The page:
- Only the Vice-Chancellor, Chancellor, the ANU Media spokesperson, or individual staff who have been specifically delegated authority to do so for a particular issue may provide comment on social media on behalf of the University.
- If a corporate issue relating to the University emerges on social media, staff who manage ANU-branded accounts should contact the Media and Communications team for approved responses.
- To protect and enhance the University’s reputation the management of ANU-branded social media accounts by professional or academic staff must be approached consistently and strategically.
- Before establishing a new ANU branded social media account, there must be a clear communications strategy outlining the purpose of the account and trained staff to actively manage it and create engaging content. If there are existing social accounts that can be used, do not establish a new account as this fragments audiences.
- The Media and Communications team should be consulted before any new ANU-branded account is created to provide strategic advice.
- All social media accounts should be frequently audited to ensure they remain active and fit-for-purpose. Accounts that no longer serve their purpose or are inactive for three months should generally be closed down. For advice, discuss with the Media and Communications team.
- Ensure your social content is high quality and engaging by keeping these key considerations front of mind:
- Know your audience and platform: from potential students to policymakers, the University has a diverse audience of followers who will engage with different content and tones of voice and on different social media platforms. Before posting, make sure you have a specific audience in mind and use language that resonates with them on the platform they are using. For example, the same story could be illustrated using different content and language on Twitter versus Instagram. Be playful and inspire curiosity whenever possible. Make sure your content is emotionally engaging and intellectually stimulating.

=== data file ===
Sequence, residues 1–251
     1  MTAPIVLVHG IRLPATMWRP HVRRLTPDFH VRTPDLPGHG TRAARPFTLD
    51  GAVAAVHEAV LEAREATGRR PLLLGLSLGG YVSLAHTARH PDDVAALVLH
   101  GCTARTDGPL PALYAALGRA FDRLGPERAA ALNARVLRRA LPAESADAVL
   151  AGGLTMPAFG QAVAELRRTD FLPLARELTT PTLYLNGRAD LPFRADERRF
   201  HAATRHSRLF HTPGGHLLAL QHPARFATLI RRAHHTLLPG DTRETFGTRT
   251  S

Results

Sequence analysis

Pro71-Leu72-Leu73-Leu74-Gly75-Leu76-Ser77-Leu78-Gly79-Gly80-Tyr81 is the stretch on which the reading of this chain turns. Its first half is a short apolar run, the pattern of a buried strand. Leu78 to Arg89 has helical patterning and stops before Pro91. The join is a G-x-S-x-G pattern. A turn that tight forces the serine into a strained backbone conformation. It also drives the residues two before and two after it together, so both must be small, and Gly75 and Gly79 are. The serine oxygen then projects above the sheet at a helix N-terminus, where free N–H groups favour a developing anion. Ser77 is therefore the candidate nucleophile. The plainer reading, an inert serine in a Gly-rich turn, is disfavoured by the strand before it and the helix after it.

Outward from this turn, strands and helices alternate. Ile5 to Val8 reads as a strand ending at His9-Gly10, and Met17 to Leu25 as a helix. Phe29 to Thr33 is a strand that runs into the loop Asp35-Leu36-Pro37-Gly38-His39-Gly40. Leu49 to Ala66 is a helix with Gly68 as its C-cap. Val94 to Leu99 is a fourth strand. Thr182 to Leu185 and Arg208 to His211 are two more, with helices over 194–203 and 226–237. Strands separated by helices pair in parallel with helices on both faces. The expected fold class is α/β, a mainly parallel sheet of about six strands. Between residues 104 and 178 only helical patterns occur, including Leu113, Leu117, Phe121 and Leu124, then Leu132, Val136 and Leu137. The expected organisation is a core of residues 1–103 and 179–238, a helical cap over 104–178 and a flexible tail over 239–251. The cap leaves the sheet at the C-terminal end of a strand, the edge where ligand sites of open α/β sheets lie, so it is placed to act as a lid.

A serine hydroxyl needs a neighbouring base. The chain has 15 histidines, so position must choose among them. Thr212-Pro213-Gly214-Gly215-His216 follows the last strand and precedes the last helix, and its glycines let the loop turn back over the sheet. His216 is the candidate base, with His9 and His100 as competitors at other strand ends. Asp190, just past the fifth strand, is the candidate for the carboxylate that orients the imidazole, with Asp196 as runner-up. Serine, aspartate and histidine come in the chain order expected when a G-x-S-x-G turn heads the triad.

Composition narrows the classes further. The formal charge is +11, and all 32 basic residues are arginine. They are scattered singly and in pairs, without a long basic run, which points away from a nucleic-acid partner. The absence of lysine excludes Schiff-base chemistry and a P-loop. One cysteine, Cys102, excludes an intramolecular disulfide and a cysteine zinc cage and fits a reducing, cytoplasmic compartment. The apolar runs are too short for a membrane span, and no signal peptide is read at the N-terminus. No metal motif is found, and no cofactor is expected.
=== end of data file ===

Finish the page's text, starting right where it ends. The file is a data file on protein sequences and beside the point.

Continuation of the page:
- The Yellow Social Media Reports 2020 (for consumers and businesses) are helpful resources to better understand how Australians are using social media, including breakdowns by demographic, location and platform.
- Be interactive: social media is about talking with people, not at them. Don't just think about what you want to tell people, think about what you want people to do or tell you (a clear call to action) and why/how they want to engage with you. Respond to their questions and comments promptly and politely.
- Be thoughtful and tell your story well: just because social media requires fewer words, doesn't mean it requires less thought. Social media should be treated as concise, considered, high quality storytelling – written well and with a clear purpose. Take time to craft social content – draft, edit and re-draft the way you would a news article or important email.
- Posting on social media is a form of publishing. This means the usual rules of publishing apply, including defamation and copyright.